Designer Jennifer Heier wanted to shift the subject/object roles of humans and their furniture, so she created, among other unusual furniture items, the ReLegs Chair. It functions just like a normal chair, but it features “knees” that allow its legs to function in a way similar to human legs. The designer says that the upright position is for regular sitting, and while the reclined position is more comfortable for the sitter, it is not so for the chair, which has to prostrate itself for human use. Whether or not the chair knows it’s kneeling is not up for debate; all that matters here is this incredibly unusual design.

Ruby Rocks

(image via: Ruby Rocking Chair)

Designed to both resemble and pamper the human body, the Ruby Rocking Chair includes water-filled “smart pillows” to cushion the back and bottom. The cushions are available in different sizes to fit every body type, and they help keep the skin cool in warmer environments. The chair’s designer, Pouyan Mokhtarani, wanted to create a piece of furniture that would offer unparalleled comfort, and he claims that sitting in it once will make you feel like you can rule the world.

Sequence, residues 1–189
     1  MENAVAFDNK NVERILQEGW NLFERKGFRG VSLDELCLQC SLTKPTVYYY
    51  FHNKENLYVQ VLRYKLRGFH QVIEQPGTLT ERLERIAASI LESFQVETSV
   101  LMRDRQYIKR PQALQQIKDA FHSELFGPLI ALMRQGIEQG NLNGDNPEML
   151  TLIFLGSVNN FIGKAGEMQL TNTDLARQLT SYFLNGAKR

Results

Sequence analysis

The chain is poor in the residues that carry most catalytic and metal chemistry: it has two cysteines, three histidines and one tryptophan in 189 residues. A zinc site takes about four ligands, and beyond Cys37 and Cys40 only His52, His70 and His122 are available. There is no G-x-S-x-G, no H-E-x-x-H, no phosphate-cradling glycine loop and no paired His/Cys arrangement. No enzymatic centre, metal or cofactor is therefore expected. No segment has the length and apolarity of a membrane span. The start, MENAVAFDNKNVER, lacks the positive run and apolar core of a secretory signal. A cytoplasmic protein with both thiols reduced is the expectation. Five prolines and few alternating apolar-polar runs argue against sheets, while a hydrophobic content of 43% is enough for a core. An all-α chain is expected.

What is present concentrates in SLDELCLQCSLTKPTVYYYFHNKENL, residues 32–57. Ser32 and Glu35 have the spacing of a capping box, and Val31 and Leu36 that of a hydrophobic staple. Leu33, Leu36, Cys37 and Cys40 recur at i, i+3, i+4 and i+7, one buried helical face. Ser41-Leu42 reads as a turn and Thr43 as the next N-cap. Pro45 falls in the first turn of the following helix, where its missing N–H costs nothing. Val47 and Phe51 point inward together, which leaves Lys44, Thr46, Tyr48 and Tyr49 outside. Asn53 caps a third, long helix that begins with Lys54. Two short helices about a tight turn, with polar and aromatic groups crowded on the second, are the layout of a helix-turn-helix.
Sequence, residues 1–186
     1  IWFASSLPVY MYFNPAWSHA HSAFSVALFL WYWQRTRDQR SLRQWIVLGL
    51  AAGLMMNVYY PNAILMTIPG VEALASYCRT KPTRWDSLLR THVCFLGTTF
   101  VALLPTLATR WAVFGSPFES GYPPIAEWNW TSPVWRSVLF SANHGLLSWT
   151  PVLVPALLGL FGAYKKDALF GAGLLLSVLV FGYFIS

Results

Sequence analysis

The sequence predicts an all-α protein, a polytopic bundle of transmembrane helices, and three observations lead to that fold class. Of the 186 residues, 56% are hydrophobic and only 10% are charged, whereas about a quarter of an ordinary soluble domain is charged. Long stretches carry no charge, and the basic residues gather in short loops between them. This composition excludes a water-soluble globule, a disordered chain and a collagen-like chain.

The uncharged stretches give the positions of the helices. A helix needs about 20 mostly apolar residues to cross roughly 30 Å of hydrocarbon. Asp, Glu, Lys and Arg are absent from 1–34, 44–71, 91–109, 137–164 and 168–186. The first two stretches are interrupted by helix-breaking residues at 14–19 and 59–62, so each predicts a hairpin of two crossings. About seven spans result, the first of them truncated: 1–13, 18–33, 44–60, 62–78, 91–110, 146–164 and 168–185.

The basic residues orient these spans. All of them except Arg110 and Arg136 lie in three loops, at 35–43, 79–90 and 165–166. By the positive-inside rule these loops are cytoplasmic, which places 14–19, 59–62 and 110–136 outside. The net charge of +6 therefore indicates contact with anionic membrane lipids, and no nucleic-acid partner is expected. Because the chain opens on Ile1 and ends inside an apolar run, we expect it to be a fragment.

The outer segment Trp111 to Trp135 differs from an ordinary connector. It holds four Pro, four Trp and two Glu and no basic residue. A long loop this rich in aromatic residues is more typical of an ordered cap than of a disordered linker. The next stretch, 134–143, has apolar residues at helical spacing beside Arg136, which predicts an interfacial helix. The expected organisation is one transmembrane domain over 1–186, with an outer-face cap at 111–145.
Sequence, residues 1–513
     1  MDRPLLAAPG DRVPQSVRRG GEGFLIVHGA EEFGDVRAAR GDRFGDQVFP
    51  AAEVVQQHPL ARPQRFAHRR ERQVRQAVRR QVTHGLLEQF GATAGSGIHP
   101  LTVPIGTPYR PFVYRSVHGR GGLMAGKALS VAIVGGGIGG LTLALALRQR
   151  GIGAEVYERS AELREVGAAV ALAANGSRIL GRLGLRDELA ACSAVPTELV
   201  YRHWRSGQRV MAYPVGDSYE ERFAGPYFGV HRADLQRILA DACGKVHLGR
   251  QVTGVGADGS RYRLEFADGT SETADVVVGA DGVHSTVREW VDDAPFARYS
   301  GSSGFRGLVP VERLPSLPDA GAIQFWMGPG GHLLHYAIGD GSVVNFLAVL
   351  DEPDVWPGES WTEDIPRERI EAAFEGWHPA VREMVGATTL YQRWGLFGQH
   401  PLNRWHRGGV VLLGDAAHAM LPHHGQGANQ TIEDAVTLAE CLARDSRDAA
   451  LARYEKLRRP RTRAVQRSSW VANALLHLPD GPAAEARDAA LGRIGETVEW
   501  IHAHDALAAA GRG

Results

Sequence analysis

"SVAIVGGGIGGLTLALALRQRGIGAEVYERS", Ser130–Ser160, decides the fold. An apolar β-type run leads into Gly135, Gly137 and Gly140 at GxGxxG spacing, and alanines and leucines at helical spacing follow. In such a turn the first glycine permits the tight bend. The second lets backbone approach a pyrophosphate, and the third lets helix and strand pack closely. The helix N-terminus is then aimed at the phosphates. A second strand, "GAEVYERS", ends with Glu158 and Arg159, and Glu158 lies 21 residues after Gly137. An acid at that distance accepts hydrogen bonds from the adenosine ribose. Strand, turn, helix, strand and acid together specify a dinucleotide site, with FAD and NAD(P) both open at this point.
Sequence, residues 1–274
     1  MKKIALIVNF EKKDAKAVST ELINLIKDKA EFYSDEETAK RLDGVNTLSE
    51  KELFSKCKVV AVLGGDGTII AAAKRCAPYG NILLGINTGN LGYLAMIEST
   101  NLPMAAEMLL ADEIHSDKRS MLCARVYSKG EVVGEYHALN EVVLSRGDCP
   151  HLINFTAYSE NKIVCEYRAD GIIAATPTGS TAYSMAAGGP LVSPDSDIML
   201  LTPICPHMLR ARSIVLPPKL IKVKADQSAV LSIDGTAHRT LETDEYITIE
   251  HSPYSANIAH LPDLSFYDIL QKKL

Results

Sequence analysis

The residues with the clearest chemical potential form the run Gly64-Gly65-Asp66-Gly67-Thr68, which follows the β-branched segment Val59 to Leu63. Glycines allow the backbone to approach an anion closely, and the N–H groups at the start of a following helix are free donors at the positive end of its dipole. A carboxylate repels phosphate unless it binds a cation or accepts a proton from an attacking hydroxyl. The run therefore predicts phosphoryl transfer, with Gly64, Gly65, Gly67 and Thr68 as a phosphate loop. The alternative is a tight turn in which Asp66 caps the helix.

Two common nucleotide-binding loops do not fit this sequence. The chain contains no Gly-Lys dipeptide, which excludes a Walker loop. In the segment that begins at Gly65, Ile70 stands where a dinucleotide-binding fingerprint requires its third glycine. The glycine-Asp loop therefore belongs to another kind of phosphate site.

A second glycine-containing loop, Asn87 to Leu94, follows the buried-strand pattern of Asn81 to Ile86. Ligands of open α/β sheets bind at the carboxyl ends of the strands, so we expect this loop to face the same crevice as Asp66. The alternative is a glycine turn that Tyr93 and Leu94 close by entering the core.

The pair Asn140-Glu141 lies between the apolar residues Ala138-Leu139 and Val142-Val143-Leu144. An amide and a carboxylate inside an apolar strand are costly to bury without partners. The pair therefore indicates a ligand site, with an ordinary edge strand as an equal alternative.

Scrub-a-Dub-Dub, Relax in the Tub

(images via: The Baek)

Bathtubs are often a refuge in the home, a place where we go to relax and get away from the hassles of everyday life. It only seems logical to turn this oasis of comfort into a lounge chair. That’s exactly what designer Baek Ki Kim did with this elegant reworking of the classic bathtub aesthetic: smooth rounded lines and a sense of being enclosed in a (temporarily) private world.

Cuddly Seat

(images via: Matti Klenell)

Do you ever miss the warm embrace of your favorite childhood teddy bear? This giant stuffed bear armchair from artist Matti Klenell takes the comfort of a favorite stuffed animal and blows it up to massive proportions.


(image via: Klick_It)